Advice on form from Active.com (Read 1064 times)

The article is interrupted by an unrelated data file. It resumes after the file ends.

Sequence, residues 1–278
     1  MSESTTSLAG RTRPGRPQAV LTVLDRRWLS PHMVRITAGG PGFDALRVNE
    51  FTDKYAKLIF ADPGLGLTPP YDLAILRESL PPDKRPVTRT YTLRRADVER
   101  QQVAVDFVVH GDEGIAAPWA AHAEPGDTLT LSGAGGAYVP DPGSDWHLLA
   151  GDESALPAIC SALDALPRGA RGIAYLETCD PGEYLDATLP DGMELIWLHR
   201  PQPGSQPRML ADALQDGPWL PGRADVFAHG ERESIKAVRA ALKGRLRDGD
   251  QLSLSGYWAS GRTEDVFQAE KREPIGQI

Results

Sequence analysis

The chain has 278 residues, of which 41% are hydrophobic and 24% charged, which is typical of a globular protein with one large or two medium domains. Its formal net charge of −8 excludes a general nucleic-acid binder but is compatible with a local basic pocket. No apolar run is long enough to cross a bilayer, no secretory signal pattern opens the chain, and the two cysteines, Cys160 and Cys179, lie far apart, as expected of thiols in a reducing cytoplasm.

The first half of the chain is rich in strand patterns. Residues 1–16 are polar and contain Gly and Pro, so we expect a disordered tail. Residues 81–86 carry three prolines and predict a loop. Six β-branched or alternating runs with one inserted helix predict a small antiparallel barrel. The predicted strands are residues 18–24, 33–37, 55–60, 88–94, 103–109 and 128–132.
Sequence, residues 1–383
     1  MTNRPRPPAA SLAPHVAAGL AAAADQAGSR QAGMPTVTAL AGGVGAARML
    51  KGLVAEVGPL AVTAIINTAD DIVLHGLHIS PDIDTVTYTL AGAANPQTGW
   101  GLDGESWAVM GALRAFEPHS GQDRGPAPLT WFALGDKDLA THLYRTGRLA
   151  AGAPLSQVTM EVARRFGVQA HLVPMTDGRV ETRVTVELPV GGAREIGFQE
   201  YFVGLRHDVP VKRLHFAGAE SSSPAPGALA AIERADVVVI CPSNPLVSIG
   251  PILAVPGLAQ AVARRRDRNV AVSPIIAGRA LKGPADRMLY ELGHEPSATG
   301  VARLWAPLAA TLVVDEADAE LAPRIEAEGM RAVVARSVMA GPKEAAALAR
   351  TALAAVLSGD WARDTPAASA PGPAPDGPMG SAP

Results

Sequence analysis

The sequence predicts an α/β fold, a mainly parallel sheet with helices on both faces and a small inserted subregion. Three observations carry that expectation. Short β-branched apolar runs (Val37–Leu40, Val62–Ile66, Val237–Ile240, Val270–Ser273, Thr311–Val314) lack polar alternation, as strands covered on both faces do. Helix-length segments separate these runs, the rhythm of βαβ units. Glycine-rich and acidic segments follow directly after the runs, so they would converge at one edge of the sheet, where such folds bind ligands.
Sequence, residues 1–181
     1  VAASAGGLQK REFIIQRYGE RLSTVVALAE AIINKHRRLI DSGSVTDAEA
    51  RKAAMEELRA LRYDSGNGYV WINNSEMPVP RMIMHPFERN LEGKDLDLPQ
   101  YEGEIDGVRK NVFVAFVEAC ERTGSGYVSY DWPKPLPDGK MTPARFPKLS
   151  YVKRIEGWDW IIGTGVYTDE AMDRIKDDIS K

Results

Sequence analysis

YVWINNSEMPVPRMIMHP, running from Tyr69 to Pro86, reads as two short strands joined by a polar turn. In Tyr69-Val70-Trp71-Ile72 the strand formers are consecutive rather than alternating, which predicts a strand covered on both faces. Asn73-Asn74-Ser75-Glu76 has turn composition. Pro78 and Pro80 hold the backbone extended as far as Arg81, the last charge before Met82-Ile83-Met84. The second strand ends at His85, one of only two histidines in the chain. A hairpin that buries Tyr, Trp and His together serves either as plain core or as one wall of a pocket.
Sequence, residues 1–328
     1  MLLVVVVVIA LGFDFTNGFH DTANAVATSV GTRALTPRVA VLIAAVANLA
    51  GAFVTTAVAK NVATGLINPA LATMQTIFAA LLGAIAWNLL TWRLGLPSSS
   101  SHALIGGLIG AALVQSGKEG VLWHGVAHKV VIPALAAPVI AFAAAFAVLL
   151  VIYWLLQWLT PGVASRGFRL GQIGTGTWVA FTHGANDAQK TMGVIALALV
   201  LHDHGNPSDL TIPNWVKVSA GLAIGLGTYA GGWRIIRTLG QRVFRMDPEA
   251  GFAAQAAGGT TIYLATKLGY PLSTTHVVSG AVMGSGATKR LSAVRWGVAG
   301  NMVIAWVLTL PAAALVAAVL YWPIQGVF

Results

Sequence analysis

Proprioceptive cues By Matt Fitzgerald For Active.com November 12, 2006 Proprioceptive cues are images and other sensory cues that enable you to modify your running stride for the better as you think about them while running. I have used proprioceptive cues in my training for the past four years and have found that they really work. Using proprioceptive cues effectively requires concentration and discipline. Our natural tendency is to let our thoughts wander aimlessly while running. If you're serious about improving your stride, you must fight this tendency by forcing yourself to concentrate on and execute a particular proprioceptive cue for hundreds of consecutive strides. The stride improvements that proprioceptive cues facilitate do not happen overnight, because the motor patterns that underlie your current stride habits are deeply ingrained, to the point of being almost completely automatic. You'll get the best results from proprioceptive cues if you use one at a time throughout the entire length of a run and you use them generally at least three times a week every week. Because proprioceptive cues require you to use your muscles differently than they are accustomed to being used, certain muscles may fatigue more quickly, so it's best to begin using each specific proprioceptive cue only during short recovery runs. It's not necessary to "master" the stride change associated with any given cue before moving on to other cues. In fact, no matter how perfect your stride becomes, you can still benefit from using each cue regularly as a reminder to keep your form sharp, especially when you're fatigued. Therefore, I recommend that you cycle through the following cues in an endless rotation, never neglecting any one of them for long. Falling forward Tilt your whole body slightly forward as you run. Don't bend at the waist! Tilt your entire body from the ankles. When you're first getting a feel for this proprioceptive cue, feel free to exaggerate your lean to the point where you feel you're about to fall on your face. Then ease back to a point where you feel comfortable and in control, but gravity still seems to be pulling you forward. This cue will help you correct overstriding, because when you're running with a slight forward tilt in your body, your feet will naturally land close to your center of gravity. Navel to spine Concentrate on pulling your belly button inward toward your spine while running. Using this cue will activate the deep abdominal muscles that serve as important stabilizers of the pelvis and lower spine during running. As a result, you will reduce wasteful (and often asymmetrical) rotations of the hips and spine, maintain better stability in the hips and pelvis on footstrike and transfer forces more efficiently between your upper body and legs. Running on water Imagine you're running on water, and your goal is not to fall through. To do this, you must overcome the squishiness of your running surface by applying maximum force to the water in minimum contact time, like a skipping stone. Try to make your feet skip across your running surface in a similar way: quickly, lightly, yet forcefully. This proprioceptive cue will teach you to stiffen your stride, minimize ground contact time, and begin the thrust phase earlier. Pulling the road Imagine that your running route is like a giant non-motorized treadmill. On a non-motorized treadmill, you are able to run in place by pulling the treadmill belt backward with your feet. Envision yourself doing the same thing with the road as you run outdoors. You're not actually moving forward -- you're simulating forward movement by pulling the road behind you with each foot. This proprioceptive cue will teach you to begin generating thrust earlier, to stiffen your stride and to minimize ground contact time. Scooting Run in a "scooting" manner by actively minimizing vertical oscillation. Don't exaggerate this action to the point where you are reducing your stride rate or increasing ground contact time. Just think about thrusting your body forward instead of upward while running. This proprioceptive cue will help you run with greater stability by reducing vertical impact forces. Pounding the ground Most runners are taught to run as softly as possible. In fact, running speed is almost entirely a function of how forcefully you hit the ground with your feet. The typical runner -- especially the typical overstriding runner -- allows her foot to fall passively to the ground with each stride. Instead, practice actively driving your foot into the ground. Be sure to give a somewhat backward pull to this driving movement rather than a completely vertical movement. Also, if you are currently a heel striker (overstrider), work on shortening your stride and landing heel first before using this proprioceptive cue, which teaches you to stiffen your stride, thrust earlier and minimize ground contact time. Driving the thigh Concentrate on driving the thigh of your swing leg forward a little more forcefully than you normally do. The more forceful forward/upward movement of this leg will create a counterbalancing downward/backward action in your opposite leg as it comes into contact with the ground. (Think of the way your free arm moves in opposition to your throwing arm when you throw a ball hard.) Feel free to concentrate on driving only one thigh throughout a workout or, if you can manage it, to concentrate on driving both thighs. (The average stride rate being in excess of 150 per minute, it can be difficult to focus your attention properly on both legs when using this proprioceptive cue). This cue will help you refine the coordinated timing of movements between your two legs and enhance your stride stiffness. Floppy feet The human foot contains 27 bones and dozens of muscles and ligaments. This structure enables the foot to deform in an intricate, wavelike pattern while it is in contact with the ground during running. Unfortunately, shoes greatly restrict this natural movement. You can get a lot of it back by wearing a running shoe that allows greater freedom of foot movement, such as the Nike Free. You can get even more back by concentrating on running with relaxed, "floppy" feet. When practicing this cue, continue to strike the ground forcefully with your feet, but use the muscles of your upper leg to generate this force while keeping your foot relaxed, enabling it to absorb and transfer impact forces in a way that will minimize stress on specific tissues and increase the amount of free elastic energy you are able to store and reuse. Butt squeeze In the instant before your foot makes contact with the ground, contract the muscles in the hip and buttock on that side of your body and keep them engaged throughout the ground contact phase of the stride. This proprioceptive cue will enable you to maintain greater stability in the hips, pelvis, lower spine and perhaps even the knees as you run. It will also minimize wasteful (asymmetrical) long axis rotations. Feeling symmetry Focus your attention on a specific part of your body, or stride, on both the left side and the right side. Concentrate on the feel of your arm swing, the forward movement of your swing leg, the moment of footstrike, push-off, etc. Compare the feeling on the left side of your body to that on your right side. If there is a discrepancy, adjust your stride in a way that eliminates the discrepancy, if possible, or at least reduces it. Specifically, alter your stride on the side that feels less comfortable, natural, or "right" to make it feel more like the side that feels better. Obviously, this proprioceptive cue helps you reduce asymmetries in your stride.